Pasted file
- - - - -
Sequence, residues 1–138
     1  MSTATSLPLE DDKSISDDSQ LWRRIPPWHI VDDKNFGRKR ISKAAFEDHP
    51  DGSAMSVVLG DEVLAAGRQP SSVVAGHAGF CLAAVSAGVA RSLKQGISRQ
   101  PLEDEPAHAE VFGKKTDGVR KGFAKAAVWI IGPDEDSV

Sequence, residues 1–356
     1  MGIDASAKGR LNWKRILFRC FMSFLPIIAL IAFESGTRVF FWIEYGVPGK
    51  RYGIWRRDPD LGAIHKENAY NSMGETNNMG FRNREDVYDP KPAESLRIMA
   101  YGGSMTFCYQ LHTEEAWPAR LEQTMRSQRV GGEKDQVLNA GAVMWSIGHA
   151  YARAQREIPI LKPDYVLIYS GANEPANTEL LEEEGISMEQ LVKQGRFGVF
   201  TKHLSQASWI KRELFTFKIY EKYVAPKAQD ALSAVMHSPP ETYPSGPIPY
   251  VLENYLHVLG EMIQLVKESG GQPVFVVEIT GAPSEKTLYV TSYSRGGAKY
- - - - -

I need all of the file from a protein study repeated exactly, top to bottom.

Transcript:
Sequence, residues 1–138
     1  MSTATSLPLE DDKSISDDSQ LWRRIPPWHI VDDKNFGRKR ISKAAFEDHP
    51  DGSAMSVVLG DEVLAAGRQP SSVVAGHAGF CLAAVSAGVA RSLKQGISRQ
   101  PLEDEPAHAE VFGKKTDGVR KGFAKAAVWI IGPDEDSV

Sequence, residues 1–356
     1  MGIDASAKGR LNWKRILFRC FMSFLPIIAL IAFESGTRVF FWIEYGVPGK
    51  RYGIWRRDPD LGAIHKENAY NSMGETNNMG FRNREDVYDP KPAESLRIMA
   101  YGGSMTFCYQ LHTEEAWPAR LEQTMRSQRV GGEKDQVLNA GAVMWSIGHA
   151  YARAQREIPI LKPDYVLIYS GANEPANTEL LEEEGISMEQ LVKQGRFGVF
   201  TKHLSQASWI KRELFTFKIY EKYVAPKAQD ALSAVMHSPP ETYPSGPIPY
   251  VLENYLHVLG EMIQLVKESG GQPVFVVEIT GAPSEKTLYV TSYSRGGAKY